Pleasure and pain in a single work day
As the old saying goes, “one of these things is NOT like the other.” That’s never been more true than in this column.
So, sit back and hold on as I take you through one day this week, with plenty of ups and a tragic, devastating low.
Furious, and loving it
A year ago this week, I listened to a teenager discuss how he and his friends had spent a recent evening.
They’d gathered together, formed a business, and decided how it would operate. The next day, something went wrong, and their workflow was disrupted.
The media wanted answers; so they decided to hold a news conference.
At the news conference, the media had so peppered them with questions and follow-ups that some of the businessmen and -women were reduced to tears.
With a description like that, I had to get in on the action!
Thus, this past Tuesday, News-Herald Staff Writer David S. Glasier and I drove over to Lake Erie College to get our shot at the latest business owners to work their way through the Learning About Business program.
About 65 students from Lake, Geauga, Cuyahoga and several other surrounding counties gather for a week of training in business. It’s just what the name says.
They meet business people. They learn personnel, management, operations and everything else involved in running a successful business.
One of the first people I encountered when we arrived Tuesday was a young man with a nametag that read “Furious Guerrieri.”
With his curly, jet black hair and height about two heads above mine, he instantly stood out. As he made his way past, greeting me with a hello and a thank you for coming, I inquired about his name.
He explained that his parents had named him after a character Laurence Fishburne played in “Boyz n the Hood.”
About an hour later, Furious and his fellow business owners took their turn at the company table in front of us and detailed how they were handling their problem.
The Concord Township resident was the company’s CEO and led his team through the questions we laid out.
The goal of the exercise is for the students to hold their own while not admitting wrongdoing. They should keep their cool. They should think out their answers but not take too long. And, they shouldn’t give us any information beyond what they’ve said in their opening statement.
In about 10 minutes of questions to Furious’ team, we got nothing. They stuck to their script, never hesitated and held their own.
Needless to say, when I saw him after the exercise, I had only one response:
“You made me so FURIOUS!”
I doubt I’m the first person to lay that joke on him. The Andrews Osborne student responded with a laugh and was thrilled with the feedback we offered. He also asked about feedback we’d given to other groups.
The program is filled with many inquisitive, adventurous and bright people just like Furious. They know programs like LAB give them a head start in the business world — up to two years before they head to college.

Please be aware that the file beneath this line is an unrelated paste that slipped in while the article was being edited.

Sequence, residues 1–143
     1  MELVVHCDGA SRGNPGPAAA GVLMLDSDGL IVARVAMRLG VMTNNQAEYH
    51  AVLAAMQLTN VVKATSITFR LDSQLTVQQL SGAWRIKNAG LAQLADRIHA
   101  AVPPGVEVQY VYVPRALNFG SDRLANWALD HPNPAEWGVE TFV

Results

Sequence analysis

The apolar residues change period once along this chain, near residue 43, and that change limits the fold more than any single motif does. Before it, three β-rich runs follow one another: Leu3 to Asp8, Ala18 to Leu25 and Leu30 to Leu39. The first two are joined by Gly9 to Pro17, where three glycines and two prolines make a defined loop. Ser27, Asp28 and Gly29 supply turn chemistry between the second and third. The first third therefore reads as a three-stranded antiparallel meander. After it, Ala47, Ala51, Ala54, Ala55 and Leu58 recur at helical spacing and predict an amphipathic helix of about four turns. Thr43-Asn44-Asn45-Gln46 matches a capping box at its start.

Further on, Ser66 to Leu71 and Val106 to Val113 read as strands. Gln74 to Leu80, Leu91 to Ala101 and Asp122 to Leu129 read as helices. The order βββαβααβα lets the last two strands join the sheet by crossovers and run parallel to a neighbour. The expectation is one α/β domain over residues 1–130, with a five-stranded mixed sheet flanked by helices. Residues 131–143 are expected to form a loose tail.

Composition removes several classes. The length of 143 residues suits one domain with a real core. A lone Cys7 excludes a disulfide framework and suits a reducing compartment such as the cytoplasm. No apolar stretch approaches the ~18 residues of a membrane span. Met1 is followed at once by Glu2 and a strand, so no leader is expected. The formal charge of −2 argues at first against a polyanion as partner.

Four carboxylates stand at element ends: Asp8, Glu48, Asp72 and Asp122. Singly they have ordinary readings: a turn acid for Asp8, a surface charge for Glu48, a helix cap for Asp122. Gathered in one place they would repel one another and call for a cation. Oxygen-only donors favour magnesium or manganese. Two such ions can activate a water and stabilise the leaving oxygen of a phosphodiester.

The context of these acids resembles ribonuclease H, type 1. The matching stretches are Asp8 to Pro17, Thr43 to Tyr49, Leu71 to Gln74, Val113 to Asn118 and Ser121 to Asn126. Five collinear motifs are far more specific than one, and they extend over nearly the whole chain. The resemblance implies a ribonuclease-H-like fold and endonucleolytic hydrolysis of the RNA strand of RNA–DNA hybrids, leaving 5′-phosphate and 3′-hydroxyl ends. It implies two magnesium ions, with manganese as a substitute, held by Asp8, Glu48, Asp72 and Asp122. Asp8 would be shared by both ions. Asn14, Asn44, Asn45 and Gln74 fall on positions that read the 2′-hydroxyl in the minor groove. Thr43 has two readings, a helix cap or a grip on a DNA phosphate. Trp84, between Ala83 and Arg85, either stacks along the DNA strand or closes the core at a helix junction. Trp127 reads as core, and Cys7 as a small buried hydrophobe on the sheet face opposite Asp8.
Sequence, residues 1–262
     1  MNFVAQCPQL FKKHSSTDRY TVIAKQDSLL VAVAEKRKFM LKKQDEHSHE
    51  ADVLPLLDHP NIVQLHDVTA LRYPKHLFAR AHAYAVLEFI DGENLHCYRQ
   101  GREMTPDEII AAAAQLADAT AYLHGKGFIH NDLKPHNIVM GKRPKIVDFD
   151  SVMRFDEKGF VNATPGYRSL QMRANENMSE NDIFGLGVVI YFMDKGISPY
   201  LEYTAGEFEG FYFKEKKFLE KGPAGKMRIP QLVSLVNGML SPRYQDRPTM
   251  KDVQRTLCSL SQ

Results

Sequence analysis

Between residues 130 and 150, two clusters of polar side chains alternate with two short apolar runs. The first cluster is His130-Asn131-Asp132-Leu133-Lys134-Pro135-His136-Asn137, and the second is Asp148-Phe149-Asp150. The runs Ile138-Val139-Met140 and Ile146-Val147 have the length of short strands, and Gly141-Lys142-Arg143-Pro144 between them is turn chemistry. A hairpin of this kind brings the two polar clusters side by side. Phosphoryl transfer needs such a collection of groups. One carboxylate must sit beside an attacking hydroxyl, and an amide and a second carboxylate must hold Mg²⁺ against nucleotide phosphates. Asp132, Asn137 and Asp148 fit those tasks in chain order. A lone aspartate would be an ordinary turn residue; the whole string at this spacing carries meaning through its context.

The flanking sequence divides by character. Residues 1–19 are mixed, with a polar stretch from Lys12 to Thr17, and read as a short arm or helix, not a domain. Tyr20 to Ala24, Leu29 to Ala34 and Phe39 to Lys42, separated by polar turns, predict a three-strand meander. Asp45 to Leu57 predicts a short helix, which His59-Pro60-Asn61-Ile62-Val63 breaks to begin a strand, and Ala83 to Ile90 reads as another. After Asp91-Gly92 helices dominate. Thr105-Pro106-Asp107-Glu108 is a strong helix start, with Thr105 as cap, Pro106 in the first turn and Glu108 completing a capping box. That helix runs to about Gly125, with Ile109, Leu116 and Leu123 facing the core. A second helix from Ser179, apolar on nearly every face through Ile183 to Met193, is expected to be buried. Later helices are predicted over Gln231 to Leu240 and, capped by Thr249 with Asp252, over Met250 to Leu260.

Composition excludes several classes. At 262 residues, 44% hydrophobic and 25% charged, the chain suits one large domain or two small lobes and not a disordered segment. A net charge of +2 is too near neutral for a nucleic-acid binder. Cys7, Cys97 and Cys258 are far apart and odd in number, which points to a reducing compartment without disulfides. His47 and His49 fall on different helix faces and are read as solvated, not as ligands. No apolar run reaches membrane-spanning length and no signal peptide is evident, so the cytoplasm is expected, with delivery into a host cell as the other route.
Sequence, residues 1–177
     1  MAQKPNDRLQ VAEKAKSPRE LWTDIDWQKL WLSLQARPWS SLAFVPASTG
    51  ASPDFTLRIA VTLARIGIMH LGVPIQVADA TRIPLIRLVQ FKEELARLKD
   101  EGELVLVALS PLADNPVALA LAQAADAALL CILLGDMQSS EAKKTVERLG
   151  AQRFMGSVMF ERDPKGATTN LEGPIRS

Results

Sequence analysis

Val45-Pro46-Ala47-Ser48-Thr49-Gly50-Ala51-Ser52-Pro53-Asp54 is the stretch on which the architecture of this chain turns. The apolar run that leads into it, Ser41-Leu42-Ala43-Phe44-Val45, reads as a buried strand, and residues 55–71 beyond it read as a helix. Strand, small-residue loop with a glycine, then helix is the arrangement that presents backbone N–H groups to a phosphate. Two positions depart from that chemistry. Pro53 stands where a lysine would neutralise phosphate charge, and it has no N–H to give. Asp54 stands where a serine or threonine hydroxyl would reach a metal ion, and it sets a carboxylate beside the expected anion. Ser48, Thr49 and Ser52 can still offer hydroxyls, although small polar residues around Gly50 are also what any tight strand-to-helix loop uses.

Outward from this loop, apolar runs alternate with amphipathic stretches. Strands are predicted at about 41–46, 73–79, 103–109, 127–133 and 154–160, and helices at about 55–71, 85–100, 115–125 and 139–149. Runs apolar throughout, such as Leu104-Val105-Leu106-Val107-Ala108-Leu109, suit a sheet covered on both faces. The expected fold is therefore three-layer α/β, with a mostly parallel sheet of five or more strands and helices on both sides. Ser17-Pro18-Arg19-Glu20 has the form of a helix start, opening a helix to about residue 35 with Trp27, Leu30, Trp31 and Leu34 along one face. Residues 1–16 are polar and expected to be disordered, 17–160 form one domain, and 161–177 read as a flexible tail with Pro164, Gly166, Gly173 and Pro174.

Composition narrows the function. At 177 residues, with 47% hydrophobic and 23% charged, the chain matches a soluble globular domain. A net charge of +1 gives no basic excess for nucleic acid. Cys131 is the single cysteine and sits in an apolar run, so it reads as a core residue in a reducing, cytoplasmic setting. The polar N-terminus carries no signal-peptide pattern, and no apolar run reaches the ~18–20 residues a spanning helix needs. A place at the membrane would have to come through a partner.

Among the CEOs of the LAB companies were plenty of young ladies, who managed the faux electric-car companies with flair. They were precise, professional and even-tempered.
Here’s hoping that someday, during their careers, someone like me won’t even feel the need to pick them out of a crowd for anything other than their excellence.
I certainly wouldn’t be FURIOUS about that.
(I had to!)
Goodbye, MichaelOn Tuesday afternoon, as I was set to shut down my computer for the day and head to LAB, my email let out a familiar bing.
I looked over at the alert in the lower right-hand corner, and noticed it was from a familiar, friendly name.
The box shows the sender’s name, the words in the subject line and usually part of the first sentence of the email.
In my hurry, I noted Andre’s name and that the subject said “Michael Hastings.”
“Oh, Michael must be coming to town for the golf outing next month,” I said as I clicked the box to reveal what was in the email.
I couldn’t have been more wrong.
“Michael was killed in a car accident this morning — my family is devastated.”
Hastings became a friend of The News-Herald after the death of Andre’s daughter, Andrea, in January 2007 in Iraq.
When we received news of Andi’s death, we heard she’d followed her boyfriend (and later fiancee), who was based there as a correspondent for Newsweek.
He became the voice of the early stories we wrote about the death of the Perry native.
Over the years, I’ve seen him many times, as he returned to Ohio to take part in the annual Andi Foundation golf outings. He learned to play golf so he could take part and seemed to relish his chances to hit the links and relax with family and friends.
Every time I saw him, he’d walk over and give me a hug, and then sit down to talk about his work and ask about mine.
One year, we discussed his departure from Newsweek to write a book about Andi’s death, “I Lost My Love in Baghdad.” One year, I started the conversation asking about whether he’d ever get another embed assignment after his article that detailed former Gen. Stanley McChrystal’s remarks about President Barack Obama.
The last time I saw him, he’d gone to work for Buzzfeed, an Internet-based news organization.
The next outing is July 13, and Michael won’t be there, because he died early Tuesday in a car crash in Los Angeles, where he was living while working on a story.
I lost a friend. The Parhamoviches lost family.
Journalism lost an old-style reporter who wasn’t afraid to find and tell the truth, no matter what people thought of him.
Rest easy, Michael. The work will go on, and we’ll remember the lessons you taught us.